After allowing banks to brush the non-performing loans in the airlines sector under the carpet, the Reserve Bank of India (RBI) seems to have been seized with pangs of remorse for what it had done. How else can one explain its decision to raise the risk weight on restructured loans to the industry?
First, RBI allows banks to restructure the problem loans to the airline industry, thus enabling them to avoid classifying the debt as bad and doubtful. The banks thus escape making substantial provisions, other than the small amounts they make when a loan is restructured, thereby avoiding a hit to their profits. But then, RBI realizes that these assets are nonetheless dodgy and could go bad. So it now wants banks to keep aside more capital for these restructured loans.
It’s true that this new move does go some way towards recognizing the risks involved in lending further sums to the airlines in trouble. But note that the banks continue to avoid any hit to their profits. It would have been far better if the non-performing assets had been recognized upfront and banks had made adequate provisions for them. Their statements of account would then have provided a true and fair picture of the situation, rather than show a cosmetic improvement.
To be sure, there are extraordinary circumstances in which the corporate debt restructuring mechanism does help. Many of the loans made to the steel industry during the mid-1990s were restructured during the slowdown that followed the Asian crisis, and these loans did turn profitable later. Similar extraordinary circumstances existed in the wake of the collapse of Lehman Brothers.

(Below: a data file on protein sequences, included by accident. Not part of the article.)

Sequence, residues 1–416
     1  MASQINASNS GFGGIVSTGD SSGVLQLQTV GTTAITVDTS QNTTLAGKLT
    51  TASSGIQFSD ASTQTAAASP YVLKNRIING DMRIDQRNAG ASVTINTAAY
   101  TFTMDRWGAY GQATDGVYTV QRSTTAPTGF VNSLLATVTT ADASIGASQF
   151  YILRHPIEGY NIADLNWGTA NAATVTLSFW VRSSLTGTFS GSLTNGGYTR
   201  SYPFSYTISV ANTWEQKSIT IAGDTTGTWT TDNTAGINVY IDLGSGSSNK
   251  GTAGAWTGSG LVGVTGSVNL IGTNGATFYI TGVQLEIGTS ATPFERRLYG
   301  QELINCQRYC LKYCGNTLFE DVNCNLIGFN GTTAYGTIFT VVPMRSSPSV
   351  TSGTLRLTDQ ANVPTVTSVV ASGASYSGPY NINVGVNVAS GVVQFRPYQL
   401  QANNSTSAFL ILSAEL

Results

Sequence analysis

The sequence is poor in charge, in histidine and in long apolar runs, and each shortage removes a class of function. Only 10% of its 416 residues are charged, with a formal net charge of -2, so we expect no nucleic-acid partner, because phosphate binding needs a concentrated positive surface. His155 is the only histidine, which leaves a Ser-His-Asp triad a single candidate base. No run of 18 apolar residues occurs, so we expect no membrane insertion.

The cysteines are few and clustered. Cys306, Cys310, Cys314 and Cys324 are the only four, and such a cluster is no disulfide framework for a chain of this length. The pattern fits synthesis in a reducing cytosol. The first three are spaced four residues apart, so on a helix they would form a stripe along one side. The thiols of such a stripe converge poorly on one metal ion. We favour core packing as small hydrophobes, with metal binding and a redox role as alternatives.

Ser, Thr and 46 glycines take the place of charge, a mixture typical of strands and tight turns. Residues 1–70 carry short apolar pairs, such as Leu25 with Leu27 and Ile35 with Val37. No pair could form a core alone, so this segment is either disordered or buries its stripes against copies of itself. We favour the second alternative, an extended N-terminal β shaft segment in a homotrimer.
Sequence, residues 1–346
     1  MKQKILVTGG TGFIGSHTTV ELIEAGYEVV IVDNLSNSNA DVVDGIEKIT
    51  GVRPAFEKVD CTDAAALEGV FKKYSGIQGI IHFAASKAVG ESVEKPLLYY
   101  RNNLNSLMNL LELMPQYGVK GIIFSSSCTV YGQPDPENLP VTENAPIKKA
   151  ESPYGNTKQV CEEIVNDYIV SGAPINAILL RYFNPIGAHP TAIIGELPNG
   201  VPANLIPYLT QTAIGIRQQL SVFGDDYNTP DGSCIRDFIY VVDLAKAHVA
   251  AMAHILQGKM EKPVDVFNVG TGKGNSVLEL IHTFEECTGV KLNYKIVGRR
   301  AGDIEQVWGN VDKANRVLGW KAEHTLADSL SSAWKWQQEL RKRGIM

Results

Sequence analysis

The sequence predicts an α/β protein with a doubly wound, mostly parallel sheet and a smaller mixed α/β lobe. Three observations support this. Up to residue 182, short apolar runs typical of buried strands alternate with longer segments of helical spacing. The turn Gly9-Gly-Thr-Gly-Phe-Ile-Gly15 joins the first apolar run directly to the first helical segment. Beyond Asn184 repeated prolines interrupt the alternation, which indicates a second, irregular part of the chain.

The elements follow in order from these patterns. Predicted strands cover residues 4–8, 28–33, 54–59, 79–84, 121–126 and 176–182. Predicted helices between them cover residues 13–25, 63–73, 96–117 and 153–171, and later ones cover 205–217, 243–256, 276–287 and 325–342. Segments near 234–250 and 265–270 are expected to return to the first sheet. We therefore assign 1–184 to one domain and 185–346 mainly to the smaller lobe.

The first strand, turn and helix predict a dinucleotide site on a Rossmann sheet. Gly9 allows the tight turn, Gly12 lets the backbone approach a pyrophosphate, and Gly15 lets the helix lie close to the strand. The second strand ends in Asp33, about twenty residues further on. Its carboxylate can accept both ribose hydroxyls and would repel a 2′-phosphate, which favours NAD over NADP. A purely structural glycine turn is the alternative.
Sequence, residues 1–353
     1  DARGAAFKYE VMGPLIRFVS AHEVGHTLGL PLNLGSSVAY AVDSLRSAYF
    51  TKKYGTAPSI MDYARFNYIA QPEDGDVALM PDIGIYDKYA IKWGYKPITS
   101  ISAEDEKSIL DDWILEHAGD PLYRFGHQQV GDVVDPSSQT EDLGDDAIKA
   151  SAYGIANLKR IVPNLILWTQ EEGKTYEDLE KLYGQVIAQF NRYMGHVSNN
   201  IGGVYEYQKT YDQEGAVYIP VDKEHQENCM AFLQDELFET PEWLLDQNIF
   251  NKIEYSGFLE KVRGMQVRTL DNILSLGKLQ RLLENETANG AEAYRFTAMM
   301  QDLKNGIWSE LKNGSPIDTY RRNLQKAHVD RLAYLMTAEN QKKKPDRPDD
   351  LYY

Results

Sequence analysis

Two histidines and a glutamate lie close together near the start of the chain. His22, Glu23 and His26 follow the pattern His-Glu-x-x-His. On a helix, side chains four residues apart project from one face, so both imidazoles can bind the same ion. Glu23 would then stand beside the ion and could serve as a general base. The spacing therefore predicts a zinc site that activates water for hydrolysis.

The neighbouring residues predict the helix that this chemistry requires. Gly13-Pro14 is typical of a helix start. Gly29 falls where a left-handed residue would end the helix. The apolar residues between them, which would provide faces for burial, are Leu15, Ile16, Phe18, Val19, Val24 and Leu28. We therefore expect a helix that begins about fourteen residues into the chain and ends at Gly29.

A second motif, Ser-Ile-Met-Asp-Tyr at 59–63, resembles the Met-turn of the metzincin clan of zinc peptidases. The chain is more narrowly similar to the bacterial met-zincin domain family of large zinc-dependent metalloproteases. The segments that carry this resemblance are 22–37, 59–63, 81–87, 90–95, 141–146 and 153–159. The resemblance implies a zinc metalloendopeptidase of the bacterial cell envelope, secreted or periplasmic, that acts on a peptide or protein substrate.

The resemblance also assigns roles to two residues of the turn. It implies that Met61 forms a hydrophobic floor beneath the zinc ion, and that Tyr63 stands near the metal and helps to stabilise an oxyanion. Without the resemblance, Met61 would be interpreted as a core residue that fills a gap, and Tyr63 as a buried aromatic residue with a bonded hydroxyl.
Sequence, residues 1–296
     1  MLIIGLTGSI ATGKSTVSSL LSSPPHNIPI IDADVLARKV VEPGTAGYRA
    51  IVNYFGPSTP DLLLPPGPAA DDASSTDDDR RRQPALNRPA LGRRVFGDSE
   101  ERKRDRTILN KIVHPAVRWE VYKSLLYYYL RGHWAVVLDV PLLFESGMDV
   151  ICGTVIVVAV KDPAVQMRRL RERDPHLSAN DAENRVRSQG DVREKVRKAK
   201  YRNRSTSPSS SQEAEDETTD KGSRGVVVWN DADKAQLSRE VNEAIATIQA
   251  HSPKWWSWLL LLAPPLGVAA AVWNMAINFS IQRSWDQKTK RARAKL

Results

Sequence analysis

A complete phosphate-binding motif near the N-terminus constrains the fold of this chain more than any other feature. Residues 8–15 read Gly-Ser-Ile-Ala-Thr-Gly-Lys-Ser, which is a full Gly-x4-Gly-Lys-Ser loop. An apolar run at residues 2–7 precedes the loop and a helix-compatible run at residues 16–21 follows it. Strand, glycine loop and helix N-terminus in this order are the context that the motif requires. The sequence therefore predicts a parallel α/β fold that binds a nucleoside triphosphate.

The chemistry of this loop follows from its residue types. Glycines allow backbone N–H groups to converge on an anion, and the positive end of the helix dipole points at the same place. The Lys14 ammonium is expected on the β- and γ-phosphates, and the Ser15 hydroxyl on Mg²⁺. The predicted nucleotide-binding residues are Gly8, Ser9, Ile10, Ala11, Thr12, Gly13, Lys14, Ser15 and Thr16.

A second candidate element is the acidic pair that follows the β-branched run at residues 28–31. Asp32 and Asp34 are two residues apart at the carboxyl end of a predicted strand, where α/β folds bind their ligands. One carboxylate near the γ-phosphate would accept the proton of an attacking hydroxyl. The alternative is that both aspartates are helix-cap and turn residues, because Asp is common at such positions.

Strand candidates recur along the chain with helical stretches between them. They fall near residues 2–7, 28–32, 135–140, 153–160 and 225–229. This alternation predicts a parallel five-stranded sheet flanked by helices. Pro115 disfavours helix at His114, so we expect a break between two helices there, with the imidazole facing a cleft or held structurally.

But now that the economy is supposed to grow by 8.5%, where is the need for further loan restructuring? The singling out of one industry sets an unhealthy precedent. What is to prevent other cyclical and capital-intensive industries, such as shipping or steel, from clamouring for relief next? Or indeed the real estate sector, which is neck-deep in debt?
Nor is it at all certain that the problems of the airline industry are cyclical. Indeed, a look at the airline industry in the US is enough to suggest that this is a sector that could well have a structural problem. And if the industry is merely going through a bad patch and will become healthy soon, surely the prudent course of action for the banks would be to recognize the bad loans, take the hit on their books and then, when better times come, upgrade the loans to the performing category? If RBI had insisted on that course of action, it would not now have to try to make partial amends by having higher risk weights on the restructured loans.
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